GroundTruth Blog

Pesticide Action Network's blog

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India's Hindustan Insecticide Limited (HIL) is the world's only company still producing DDT. This week, one of HIL's three factories was ordered closed by the Indian state of Kerala for that plant's failure to safely handle waste from the manufacture of endosulfan.

After issuing several warning letters like this one, Kerala's State Pollution Control Board finally issued a closure notice to the HIL plant based in the city of Eloor. 

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Looks like the Obama Administration has a second chance to get it right on food and agricultural research. Last week, the director of the relatively new National Institute of Food and Agriculture (NIFA), Roger Beachy, announced his resignation. Previously, Beachy had served as president of Monsanto’s de facto nonprofit research arm, the Danforth Plant Science Center.

The abrupt resignation leaves open an influential public research post — one that could this time be filled by a scientist without deep ties to corporate agribusiness, but who might instead prioritize sustainable, agroecological and organic food and farming systems.

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Strawberries were on the agenda at the recent Social Justice Summit hosted by Cal State Fullerton. In a lively workshop entitled Strawberry Fields Forever: Pesticides and Environmental Injustice in California, students developed strategies to roll back the controversial fumigant pesticide methyl iodide.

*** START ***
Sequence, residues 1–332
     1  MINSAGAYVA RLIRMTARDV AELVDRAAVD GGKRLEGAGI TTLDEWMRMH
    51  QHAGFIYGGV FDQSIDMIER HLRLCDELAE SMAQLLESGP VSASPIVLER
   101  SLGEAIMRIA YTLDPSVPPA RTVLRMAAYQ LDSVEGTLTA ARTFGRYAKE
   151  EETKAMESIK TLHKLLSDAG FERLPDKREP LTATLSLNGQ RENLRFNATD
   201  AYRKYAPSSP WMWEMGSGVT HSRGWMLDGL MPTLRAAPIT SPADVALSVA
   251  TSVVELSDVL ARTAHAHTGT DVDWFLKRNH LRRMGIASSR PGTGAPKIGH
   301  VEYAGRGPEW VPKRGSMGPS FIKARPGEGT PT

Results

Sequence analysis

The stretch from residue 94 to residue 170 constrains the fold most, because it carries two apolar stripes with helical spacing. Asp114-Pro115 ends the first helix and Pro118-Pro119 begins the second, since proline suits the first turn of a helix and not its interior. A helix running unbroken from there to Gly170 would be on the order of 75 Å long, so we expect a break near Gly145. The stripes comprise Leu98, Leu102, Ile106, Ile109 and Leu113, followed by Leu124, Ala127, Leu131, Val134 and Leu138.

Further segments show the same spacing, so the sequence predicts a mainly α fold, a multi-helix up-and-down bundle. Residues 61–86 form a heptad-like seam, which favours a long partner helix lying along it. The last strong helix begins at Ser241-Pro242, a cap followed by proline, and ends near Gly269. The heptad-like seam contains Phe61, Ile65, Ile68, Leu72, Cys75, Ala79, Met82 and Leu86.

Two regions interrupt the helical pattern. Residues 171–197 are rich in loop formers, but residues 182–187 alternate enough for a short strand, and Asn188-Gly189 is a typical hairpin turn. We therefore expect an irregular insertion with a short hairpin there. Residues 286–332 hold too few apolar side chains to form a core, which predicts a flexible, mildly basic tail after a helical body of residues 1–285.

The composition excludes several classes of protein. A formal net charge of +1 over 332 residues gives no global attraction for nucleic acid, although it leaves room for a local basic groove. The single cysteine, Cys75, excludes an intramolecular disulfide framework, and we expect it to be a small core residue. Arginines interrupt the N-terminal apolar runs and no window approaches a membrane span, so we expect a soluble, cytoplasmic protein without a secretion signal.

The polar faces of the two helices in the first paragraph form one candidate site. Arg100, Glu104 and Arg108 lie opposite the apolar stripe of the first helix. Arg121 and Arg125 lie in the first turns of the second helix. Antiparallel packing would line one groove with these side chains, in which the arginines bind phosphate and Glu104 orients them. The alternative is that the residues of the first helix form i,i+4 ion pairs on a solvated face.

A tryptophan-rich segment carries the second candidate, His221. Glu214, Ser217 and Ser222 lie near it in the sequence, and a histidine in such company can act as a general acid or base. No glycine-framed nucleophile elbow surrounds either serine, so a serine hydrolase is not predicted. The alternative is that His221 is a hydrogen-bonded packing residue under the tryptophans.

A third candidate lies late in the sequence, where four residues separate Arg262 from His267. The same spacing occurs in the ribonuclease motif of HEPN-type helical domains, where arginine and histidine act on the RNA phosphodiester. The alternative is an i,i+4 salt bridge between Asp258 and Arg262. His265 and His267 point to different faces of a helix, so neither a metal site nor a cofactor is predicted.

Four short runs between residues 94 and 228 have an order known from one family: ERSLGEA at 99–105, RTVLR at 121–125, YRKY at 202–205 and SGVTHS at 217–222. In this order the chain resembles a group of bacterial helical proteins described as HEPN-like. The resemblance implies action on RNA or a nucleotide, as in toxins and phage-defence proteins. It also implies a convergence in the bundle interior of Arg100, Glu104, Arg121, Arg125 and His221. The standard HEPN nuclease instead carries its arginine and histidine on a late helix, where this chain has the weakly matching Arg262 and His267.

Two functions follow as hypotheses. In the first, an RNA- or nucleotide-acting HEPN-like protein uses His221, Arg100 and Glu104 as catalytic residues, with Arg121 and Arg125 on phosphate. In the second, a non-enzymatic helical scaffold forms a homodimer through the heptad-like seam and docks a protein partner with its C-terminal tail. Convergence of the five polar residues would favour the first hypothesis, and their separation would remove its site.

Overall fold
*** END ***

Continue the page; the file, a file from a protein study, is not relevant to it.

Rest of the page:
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New tests conducted by British scientists show that widely used agricultural pesticides disrupt male hormones, and may be contributing to a suite of reproductive disorders increasingly common among men.

Reduced sperm count, infertility and abnormal genitals are among the problems some scientists have dubbed “testicular dysgenesis syndrome.” This latest study greatly strengthens the evidence that these problems may be linked to environmental contaminants.

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Since 2008, Brazil has held the dubious distinction of spending more on pesticides than anyplace else on earth. But what has the country's farmers, public health professionals and environmental advocates even more worried is Brazil's corresponding rise in planting of genetically engineered (GE) crops, engineered to tolerate mega-doses of herbicides like glyphosate (Roundup). And these crops are driving emergence of herbicide-tolerant "superweeds".